Japanese Food Souvenirs: 47 Unique Treats From All the Prefectures of Japan
Each of Japan’s 47 prefectures proudly boast their own one-of-a-kind foods, snacks, drinks, and more. These are often unique takes on Japanese staples like mochi, manju, cookies, rice crackers, and such, but can also be something totally unique. For this article, we’ve picked out our favorite Japanese food souvenirs for each of Japan’s 47 prefectures, promising a delicious discovery across all corners of the country!
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Royce' is a famous chocolate company from Hokkaido. Its levels of popularity are so high that items from this company are definitely souvenirs representative not just from Hokkaido, but of Japan as a whole. The most popular product is their Nama Chocolate. You'll grow addicted to how easily it melts in your mouth. It's made with Hokkaido cream.
Aomori is famous for apples. This treat uses one of their famous Fuji apples soaked in syrup, then wrapped in a pie crust. The apple's crunchy texture stays intact through the baking process, making it a very delicious snack.
3.【Iwate】Kamome no Tamago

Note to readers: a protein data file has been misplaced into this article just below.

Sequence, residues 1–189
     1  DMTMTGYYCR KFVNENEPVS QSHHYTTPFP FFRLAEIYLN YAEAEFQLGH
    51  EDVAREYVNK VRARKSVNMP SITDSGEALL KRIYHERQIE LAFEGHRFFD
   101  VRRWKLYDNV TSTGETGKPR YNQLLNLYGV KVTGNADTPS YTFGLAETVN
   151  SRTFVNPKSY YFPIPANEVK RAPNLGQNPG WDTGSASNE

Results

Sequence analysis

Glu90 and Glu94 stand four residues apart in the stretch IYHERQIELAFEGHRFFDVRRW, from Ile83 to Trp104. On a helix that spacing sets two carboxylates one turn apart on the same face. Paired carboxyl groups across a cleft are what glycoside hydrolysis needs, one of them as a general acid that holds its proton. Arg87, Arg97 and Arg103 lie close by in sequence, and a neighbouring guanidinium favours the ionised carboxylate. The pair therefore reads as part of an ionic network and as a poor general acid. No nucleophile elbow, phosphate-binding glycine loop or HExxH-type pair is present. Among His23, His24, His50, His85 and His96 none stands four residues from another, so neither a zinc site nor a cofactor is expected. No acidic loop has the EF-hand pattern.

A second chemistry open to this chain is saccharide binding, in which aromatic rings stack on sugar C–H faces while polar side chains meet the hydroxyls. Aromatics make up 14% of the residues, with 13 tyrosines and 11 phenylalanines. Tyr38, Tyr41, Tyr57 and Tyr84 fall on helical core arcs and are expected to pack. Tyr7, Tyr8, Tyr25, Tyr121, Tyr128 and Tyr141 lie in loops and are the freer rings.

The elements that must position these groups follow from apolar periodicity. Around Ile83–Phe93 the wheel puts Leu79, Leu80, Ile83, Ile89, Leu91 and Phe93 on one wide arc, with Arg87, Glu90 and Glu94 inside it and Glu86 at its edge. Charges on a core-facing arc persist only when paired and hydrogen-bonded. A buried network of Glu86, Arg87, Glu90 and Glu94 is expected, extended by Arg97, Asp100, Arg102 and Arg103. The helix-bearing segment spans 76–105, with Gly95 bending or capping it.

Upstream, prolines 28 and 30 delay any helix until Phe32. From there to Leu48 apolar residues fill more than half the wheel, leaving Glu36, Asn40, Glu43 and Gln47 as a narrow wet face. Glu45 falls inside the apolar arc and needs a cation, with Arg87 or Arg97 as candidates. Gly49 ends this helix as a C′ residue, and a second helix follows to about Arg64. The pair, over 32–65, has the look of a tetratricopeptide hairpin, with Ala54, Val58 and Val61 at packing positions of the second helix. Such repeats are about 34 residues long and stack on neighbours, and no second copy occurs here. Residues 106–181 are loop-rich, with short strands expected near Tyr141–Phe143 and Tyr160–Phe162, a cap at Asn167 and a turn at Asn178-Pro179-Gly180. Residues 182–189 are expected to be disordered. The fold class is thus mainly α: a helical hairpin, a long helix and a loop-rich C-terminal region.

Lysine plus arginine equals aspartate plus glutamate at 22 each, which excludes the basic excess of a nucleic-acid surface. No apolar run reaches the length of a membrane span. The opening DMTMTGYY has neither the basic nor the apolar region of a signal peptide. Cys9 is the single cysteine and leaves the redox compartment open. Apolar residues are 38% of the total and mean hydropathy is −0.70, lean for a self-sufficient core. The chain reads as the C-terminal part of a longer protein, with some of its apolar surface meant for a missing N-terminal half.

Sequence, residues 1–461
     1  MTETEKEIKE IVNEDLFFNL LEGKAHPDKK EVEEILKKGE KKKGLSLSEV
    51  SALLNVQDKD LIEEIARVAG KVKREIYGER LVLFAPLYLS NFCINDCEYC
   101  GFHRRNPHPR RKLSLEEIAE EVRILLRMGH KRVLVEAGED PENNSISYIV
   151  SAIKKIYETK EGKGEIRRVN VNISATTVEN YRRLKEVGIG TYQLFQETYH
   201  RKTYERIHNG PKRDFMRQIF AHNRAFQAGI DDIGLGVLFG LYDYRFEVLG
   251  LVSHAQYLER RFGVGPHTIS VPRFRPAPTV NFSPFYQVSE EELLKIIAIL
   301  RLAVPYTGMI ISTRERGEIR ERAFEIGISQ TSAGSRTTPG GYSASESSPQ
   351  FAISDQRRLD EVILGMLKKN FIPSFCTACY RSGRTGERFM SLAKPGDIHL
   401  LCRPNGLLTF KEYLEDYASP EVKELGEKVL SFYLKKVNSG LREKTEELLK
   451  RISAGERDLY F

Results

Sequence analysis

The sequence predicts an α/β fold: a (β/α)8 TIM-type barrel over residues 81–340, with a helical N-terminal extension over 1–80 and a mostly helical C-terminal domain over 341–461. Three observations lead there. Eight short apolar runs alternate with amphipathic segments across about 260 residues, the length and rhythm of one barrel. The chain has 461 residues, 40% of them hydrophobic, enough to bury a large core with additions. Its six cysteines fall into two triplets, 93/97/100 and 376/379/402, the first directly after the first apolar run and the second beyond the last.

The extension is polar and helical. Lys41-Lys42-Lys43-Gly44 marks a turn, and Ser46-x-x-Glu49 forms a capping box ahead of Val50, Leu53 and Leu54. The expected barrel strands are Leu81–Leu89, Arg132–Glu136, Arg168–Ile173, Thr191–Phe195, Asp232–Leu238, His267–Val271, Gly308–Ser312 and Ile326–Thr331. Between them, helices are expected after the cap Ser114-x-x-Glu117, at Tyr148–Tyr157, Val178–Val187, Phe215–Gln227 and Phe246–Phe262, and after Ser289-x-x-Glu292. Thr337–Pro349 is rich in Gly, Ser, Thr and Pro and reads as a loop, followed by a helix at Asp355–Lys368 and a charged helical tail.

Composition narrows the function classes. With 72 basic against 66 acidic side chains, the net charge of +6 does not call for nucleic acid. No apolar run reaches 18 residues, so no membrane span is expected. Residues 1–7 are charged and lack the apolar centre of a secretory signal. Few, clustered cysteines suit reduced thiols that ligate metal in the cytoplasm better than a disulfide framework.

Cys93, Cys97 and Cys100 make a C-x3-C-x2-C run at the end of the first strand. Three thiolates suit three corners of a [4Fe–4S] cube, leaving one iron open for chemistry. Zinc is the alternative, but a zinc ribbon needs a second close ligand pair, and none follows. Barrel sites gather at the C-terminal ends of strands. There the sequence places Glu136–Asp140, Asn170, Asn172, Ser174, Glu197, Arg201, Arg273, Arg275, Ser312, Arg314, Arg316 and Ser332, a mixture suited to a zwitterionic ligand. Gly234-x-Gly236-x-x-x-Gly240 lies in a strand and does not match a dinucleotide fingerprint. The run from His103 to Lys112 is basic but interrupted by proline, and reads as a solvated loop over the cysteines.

"Tamago" means "egg," and this treat looks like its name. This cute snack is representative of the Tohoku area. It has three layers; the inside is red bean paste wrapped in castella, then coated in white chocolate.
4. 【Miyagi】Hagi no Tsuki
Hagi no Tsuki is so popular that every day, 100,000 are made and sold every day. It's made by wrapping high-quality castella dough around custard cream. There are different ways to eat it, such as warming it up, cooling it in the fridge, or even freezing it and eating it like ice cream. Why not get some and see which way you prefer it?
Kinman has a history of more than 50 years and is a popular souvenir with foreign travelers. It's castella filled with white bean paste, and since it's fairly small, it's easy for children to eat. If you're buying it as a souvenir, it's recommended to buy the vacuum packed packaging so it will keep on your way home.
6. 【Yamagata】Karakara Senbei